Does education represent a social protection for lifetime in Sub-Saharan Africa?

Daniele Checchi and Angelica Salvi

African Educational Research Journal
Published: December 21 2017
Volume 5, Issue 4
Pages 254-280


This study provides evidence on the distribution of school attendance and educational attainment across African countries, focusing on the correlation with literacy rates in the population, level of resources and country institutional features. The study also estimate sample correlations between enrolment and macro-aggregates, related to resources (GDP per capita, student/teacher ratio), computing some counterfactuals. The authors then move to micro-data, selecting three African countries as representative examples of low (Mauritania), middle (Uganda) and high (Ghana) educational attainment. Using social surveys conducted in these countries, the authors estimate the returns to education in terms of better quality of employment (for those who are in the labour market) and of higher monetary returns (for the sub-sample of those earning a monetary wage). In addition, the authors collapse the data at household level, in order to study the determinants of individual educational attainment of children aged between 5 and 25, showing the correlation between parental education, availability of schools at community level, external shocks (like drought, famine, war) and the individual probability of being in school.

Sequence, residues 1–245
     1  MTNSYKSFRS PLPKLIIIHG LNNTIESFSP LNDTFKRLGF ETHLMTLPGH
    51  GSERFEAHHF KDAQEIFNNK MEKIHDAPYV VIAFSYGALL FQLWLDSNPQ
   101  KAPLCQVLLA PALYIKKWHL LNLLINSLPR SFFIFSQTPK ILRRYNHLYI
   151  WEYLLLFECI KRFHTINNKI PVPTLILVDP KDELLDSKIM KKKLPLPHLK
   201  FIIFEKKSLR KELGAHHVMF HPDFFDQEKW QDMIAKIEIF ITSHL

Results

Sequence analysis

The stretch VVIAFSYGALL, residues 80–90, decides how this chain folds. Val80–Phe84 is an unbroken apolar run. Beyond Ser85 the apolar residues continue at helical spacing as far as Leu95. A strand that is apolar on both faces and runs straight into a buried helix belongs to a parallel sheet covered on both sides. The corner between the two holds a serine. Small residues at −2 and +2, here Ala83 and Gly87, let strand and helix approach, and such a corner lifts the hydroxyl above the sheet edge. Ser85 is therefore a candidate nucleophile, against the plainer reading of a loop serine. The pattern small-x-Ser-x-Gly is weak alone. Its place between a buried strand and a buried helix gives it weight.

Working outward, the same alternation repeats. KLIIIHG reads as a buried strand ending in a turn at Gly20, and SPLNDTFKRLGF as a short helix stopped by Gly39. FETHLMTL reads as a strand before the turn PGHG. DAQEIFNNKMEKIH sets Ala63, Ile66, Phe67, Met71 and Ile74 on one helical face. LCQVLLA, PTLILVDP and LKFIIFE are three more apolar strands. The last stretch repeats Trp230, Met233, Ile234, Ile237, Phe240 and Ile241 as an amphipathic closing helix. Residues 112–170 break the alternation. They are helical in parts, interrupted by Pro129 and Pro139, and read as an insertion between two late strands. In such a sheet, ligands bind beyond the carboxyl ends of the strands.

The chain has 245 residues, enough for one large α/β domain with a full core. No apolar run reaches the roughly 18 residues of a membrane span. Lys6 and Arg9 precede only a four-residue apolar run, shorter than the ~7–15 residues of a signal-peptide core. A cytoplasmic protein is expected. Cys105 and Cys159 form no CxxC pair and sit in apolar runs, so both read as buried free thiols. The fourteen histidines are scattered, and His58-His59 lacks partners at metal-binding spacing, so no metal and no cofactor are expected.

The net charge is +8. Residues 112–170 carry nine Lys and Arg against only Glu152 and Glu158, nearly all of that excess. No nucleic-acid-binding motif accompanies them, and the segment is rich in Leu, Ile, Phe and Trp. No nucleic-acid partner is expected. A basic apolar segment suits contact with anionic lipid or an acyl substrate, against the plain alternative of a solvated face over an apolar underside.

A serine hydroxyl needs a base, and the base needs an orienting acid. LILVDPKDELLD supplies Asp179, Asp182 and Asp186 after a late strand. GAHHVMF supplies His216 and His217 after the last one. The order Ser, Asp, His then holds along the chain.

Keywords: Schooling, liquidity constraints, social policy.

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